Mayor makes final decision on demand for names of church attenders

By WND Staff

 

The mayor of Kansas City, Missouri, has dropped his demand that churches provide the city with the names, addresses and telephone numbers of people who attend services.

The dispute erupted days ago when Mayor Quinton Lucas, a Democrat, “ordered that houses of worship and some other ‘non-essential’ operations record the names and contact information of any person who stays inside for 10 minutes or longer,” according to Liberty Counsel, which was prepared to take the dispute to court.

The Kansas Department of Public Health intended to use the personal information to “quickly trace, test, and isolate individuals” who may have become infected at “religious gatherings.”

Violations were regarded as an “imminent threat” and “an immediate menace to public health.”

But on Tuesday, the city rescinded the order and issued a new one, which makes recording the names and contact information no longer mandatory.

Liberty Counsel said the new order still discriminates against churches by categorizing them as “non-essential” and by limiting them to no more than 50 people for events that take place outside.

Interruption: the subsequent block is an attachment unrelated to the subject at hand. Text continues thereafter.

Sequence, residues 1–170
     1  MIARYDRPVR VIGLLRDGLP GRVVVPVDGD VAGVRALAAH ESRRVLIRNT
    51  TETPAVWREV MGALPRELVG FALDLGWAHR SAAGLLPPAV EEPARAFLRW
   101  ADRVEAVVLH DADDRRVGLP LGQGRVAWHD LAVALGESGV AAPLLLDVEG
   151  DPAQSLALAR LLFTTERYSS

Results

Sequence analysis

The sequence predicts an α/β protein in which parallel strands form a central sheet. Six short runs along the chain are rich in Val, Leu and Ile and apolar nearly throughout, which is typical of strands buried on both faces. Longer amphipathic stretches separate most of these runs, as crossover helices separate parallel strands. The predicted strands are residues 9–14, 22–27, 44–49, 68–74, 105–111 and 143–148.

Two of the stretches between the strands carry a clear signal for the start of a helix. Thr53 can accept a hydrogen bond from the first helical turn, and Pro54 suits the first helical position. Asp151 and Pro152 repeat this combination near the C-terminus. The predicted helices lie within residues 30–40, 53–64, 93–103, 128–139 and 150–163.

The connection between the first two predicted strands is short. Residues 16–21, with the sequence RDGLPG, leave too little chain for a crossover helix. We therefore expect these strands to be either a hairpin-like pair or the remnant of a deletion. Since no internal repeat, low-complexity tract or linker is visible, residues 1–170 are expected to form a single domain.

“The requirement to record names and contact information of anyone who attends a religious gathering was a gross violation of the First Amendment,” said Liberty Counsel founder Mat Staver. “Due to the overwhelming public outcry, the Kansas City mayor reversed course and removed this unconstitutional provision. That is the good news. The bad news which Kansas City must still remedy is the continued unconstitutional treatment of churches and houses of worship compared to other secular gatherings.”

Lucas had defended the requirement to local reporters.

“Our goal isn’t to see what everyone is doing and be Big Brother,” he said.

Lucas’ 10/10/10 rule stated “nonessential businesses, like churches” must operate at no more than 10% capacity, gathering no more than 10 people and  must record the name, home address and telephone number of anyone who spends more than 10 minutes there.

Staver had observed how “completely insane the tyrannical abuses launched by state governors and local officials against pastors and churches are becoming.”

“It is as if these leaders never bothered to so much as glance at the Constitution they swore to uphold and defend. They seem to be governing from some make-believe, dystopian viewpoint,” he said.

“The Germans did this very thing to Jews – collecting the names and locations of all known synagogue attendees – in the early days of the Nazi regime,” he pointed out.

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